A new study by researchers at the University at Buffalo provides a groundbreaking look at how advance care planning medical orders inform emergency medical service (EMS) providers’ experiences involving people with intellectual disabilities.
Most states in the U.S. have programs that allow terminally ill patients to document their end-of-life decisions. In New York, the Medical Orders for Life-Sustaining Treatment form (MOLST) allows individuals to document what measures health care providers, including EMS providers, should take near the end of a patient’s life.
Studies suggest that this approach to person-centered advance care planning can alleviate a dying patient’s pain and suffering, according Deborah Waldrop, a professor in the UB School of Social Work and an expert on end-of-life care. Yet little research on end-of-life decision-making has been done on the growing population of older Americans with intellectual disabilities, which the American Association on Intellectual and Developmental Disabilities defines as a disability characterized by significant limitations in learning, reasoning, problem solving, and a collection of conceptual, social and practical skills.
Waldrop and Brian Clemency an associate professor of emergency medicine in the Jacobs School of Medicine and Biomedical Sciences, authored one of the first scholarly examinations of how pre-hospital providers assess and manage emergency calls for patients who do not wish to be resuscitated or intubated. Jacqueline McGinley, a doctoral candidate in UB’s School of Social Work, joined their research team and served as first author for their most recent work.
Through a series of interviews with five different emergency medical service agencies in upstate New York, the researchers asked EMS providers specifically how forms like the MOLST shape what they do in the case of someone with an intellectual disability.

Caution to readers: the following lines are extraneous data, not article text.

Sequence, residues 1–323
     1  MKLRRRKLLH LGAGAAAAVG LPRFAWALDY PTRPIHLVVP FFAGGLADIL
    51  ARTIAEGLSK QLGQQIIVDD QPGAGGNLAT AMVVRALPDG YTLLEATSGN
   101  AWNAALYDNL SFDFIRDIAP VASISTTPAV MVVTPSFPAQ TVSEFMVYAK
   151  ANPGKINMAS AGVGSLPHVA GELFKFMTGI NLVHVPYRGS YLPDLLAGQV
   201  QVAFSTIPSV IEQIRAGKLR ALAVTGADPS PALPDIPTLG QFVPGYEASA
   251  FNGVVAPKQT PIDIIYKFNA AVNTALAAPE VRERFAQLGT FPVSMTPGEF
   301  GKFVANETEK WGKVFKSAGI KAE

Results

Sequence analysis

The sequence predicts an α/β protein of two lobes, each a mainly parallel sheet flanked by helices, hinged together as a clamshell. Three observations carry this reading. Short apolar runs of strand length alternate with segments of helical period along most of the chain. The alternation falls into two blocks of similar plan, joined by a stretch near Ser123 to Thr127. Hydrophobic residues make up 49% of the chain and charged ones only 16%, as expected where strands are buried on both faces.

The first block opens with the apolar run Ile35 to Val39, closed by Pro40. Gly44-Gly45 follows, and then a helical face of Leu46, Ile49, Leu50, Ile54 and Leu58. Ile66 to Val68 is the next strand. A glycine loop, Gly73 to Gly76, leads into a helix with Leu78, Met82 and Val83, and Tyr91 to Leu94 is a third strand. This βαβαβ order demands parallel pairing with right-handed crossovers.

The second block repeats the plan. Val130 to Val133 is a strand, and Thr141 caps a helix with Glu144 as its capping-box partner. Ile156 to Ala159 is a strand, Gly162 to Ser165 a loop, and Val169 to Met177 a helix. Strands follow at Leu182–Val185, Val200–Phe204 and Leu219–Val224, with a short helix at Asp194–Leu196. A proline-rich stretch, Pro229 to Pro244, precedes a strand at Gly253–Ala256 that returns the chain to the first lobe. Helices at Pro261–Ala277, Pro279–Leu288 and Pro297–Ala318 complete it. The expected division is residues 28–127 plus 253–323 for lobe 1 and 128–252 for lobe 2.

“The best available research before our study suggested that as of the late 1990s, fewer than 1 percent of people with intellectual disabilities had ever documented or discussed their end-of-life wishes,” says McGinley. “But with this study, we found that about 62 percent of the EMS providers we surveyed had treated someone with an intellectual or developmental disability who had these forms.”
That disparity points to the need to illuminate this understudied area of how people with intellectual disabilities are engaging in end-of-life discussions, according to McGinley.
She says the EMS providers’ charge is to follow protocol by honoring the documents, their directions and organizational procedures. The MOLST, as its name implies, is a medical order that providers are professionally bound to respect. Their procedures are identical for all emergency calls involving someone who is imminently dying regardless of a pre-existing disability, the study’s results suggested.
But questions remained.
“We heard from providers who wrestled with the unique issues that impact this population, including organizational barriers when working across systems of care and decision-making for individuals who may lack capacity” says McGinley.
There are approximately 650,000 adults age 60 and older in the U.S. with intellectual disabilities, according to Census Bureau figures from 2000. Demographers expect that figure to double by 2030, and triple within the foreseeable future.
Person-centered advance care planning specifically involves the individual in discussions about their health history, possible changes to their current health status and what future options might be available in order to best inform that person’s end-of-life decision-making.
The results, published in the Journal of Applied Research in Intellectual Disabilities, suggest that medical orders largely favor efforts to prolong life. This may be due to a reluctance to discuss advanced care planning in this population. Still, this sociocultural context must be strongly considered as future research explores how people with intellectual disabilities engage in end-of-life discussions.